Olympic National Park drew the attention to a number of presidents in its early days before it received its national park status. In 1897 President Grover Cleveland designated part of what is now Olympic National Park as the Olympic Forest Reserve. By the time, Theodore Roosevelt became president, the population of elk in the reserve was decreasing. Roosevelt who played a critical role in conserving the elk in the area.
Known as the "conservationist president," Roosevelt established 150 national forests, 51 bird reserves, four national game preserves, five national parks and 18 national monuments during his presidency from 1901 to 1909.
In order to help boost population numbers, Roosevelt established Mount Olympus National Monument in 1909. It would be another 29 years before the area became Olympic National Park, thanks to President Franklin Roosevelt, who visited the monument in 1937. In 1938, he designated it a national park. The elk were named "Roosevelt elk" in honor of Teddy who helped ensure the elk were protected.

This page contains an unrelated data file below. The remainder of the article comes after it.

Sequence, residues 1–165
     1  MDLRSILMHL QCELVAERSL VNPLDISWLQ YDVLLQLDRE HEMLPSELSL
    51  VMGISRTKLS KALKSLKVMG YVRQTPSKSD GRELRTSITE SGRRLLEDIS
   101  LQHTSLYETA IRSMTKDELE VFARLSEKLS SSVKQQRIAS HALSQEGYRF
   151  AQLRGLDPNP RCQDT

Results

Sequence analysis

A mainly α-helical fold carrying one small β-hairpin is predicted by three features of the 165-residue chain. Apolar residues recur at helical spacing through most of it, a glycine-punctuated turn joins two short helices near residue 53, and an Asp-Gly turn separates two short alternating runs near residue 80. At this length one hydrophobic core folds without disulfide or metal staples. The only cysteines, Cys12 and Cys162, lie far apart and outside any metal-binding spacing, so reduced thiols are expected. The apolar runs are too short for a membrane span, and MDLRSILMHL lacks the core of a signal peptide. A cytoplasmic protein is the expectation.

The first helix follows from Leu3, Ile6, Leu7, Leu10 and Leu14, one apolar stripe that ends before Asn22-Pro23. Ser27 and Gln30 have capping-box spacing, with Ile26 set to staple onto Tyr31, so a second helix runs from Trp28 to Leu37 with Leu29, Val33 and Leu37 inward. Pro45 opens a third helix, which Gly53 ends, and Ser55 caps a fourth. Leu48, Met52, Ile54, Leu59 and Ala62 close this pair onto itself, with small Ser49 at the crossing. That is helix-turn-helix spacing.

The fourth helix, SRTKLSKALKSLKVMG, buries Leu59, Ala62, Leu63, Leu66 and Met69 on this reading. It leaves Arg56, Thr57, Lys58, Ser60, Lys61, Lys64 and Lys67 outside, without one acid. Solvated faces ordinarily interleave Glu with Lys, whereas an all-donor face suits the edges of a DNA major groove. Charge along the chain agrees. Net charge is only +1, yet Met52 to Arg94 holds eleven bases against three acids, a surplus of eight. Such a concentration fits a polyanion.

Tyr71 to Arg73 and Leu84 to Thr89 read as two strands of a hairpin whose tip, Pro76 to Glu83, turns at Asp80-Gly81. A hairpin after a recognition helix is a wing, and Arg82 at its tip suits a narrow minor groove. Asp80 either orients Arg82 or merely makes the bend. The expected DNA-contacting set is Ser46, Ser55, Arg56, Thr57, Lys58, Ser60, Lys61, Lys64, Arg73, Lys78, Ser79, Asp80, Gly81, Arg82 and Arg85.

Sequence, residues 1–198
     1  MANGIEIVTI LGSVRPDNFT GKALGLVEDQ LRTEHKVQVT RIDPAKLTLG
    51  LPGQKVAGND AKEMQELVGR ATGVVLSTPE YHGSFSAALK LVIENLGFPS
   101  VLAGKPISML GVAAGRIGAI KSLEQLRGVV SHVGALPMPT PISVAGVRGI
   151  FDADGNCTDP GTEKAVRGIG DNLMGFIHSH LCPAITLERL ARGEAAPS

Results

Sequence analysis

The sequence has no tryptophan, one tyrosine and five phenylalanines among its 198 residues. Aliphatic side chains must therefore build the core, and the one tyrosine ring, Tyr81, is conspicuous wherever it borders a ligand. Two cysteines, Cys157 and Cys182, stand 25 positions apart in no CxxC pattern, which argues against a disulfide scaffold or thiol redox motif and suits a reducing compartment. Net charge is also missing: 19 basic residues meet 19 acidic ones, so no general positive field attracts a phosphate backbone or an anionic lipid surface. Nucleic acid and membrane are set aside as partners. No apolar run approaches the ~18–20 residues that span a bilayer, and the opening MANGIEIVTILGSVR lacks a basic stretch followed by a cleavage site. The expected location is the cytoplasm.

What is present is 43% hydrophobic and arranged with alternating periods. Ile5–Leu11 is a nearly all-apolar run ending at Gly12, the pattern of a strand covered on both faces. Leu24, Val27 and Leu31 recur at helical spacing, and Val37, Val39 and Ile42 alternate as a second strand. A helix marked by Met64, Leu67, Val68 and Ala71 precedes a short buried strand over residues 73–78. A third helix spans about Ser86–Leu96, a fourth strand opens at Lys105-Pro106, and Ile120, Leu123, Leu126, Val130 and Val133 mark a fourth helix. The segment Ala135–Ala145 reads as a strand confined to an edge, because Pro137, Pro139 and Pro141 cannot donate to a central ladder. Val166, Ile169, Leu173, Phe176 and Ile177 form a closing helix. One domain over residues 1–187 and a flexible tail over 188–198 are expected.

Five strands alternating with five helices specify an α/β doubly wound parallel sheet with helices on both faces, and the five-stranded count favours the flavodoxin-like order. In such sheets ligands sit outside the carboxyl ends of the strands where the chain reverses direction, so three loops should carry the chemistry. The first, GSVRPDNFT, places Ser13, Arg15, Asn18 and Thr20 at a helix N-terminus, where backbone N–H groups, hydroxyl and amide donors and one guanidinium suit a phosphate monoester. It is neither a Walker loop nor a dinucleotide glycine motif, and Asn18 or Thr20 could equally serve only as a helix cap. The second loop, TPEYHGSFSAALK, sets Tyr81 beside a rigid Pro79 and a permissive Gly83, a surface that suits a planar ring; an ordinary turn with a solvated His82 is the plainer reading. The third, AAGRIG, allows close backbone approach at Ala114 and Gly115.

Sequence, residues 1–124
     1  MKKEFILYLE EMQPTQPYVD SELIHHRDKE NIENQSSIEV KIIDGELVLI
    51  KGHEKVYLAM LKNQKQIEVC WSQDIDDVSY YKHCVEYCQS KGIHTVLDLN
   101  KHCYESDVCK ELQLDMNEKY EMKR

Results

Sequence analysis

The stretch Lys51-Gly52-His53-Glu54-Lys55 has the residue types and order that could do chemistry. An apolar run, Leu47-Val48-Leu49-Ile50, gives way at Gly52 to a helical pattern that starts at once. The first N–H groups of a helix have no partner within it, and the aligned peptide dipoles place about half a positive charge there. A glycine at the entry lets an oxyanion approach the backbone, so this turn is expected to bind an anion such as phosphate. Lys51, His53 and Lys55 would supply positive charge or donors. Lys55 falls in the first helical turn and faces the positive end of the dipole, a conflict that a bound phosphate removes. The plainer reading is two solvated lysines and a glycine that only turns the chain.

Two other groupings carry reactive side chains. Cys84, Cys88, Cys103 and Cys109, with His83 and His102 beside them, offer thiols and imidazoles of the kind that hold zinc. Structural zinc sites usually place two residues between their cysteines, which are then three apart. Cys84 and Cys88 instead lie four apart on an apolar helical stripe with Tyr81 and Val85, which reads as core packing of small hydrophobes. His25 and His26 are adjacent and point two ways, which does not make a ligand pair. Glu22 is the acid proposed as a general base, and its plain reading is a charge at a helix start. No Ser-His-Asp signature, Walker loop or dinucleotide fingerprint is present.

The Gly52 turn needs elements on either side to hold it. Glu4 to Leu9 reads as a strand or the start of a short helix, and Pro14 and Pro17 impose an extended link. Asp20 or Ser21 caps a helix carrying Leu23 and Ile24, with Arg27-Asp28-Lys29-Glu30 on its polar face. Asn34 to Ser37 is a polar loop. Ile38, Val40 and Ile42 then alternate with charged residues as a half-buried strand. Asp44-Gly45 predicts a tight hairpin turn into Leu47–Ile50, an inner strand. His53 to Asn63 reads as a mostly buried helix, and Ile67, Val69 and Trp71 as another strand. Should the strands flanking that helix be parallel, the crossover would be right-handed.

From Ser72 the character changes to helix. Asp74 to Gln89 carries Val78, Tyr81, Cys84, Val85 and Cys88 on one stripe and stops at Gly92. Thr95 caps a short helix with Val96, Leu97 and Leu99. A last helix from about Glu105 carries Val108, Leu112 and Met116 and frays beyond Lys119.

Roosevelt elk, also known as Olympic elk, live in the Hoh Rain Forest area of Olympic National Park. Visit this area of the park to see the elk living in herds of 20. They feed on the Hoh's shrubs, ferns and grasses, according to National Park Service. They are the largest unmanaged herd of Roosevelt elk in the Pacific Northwest.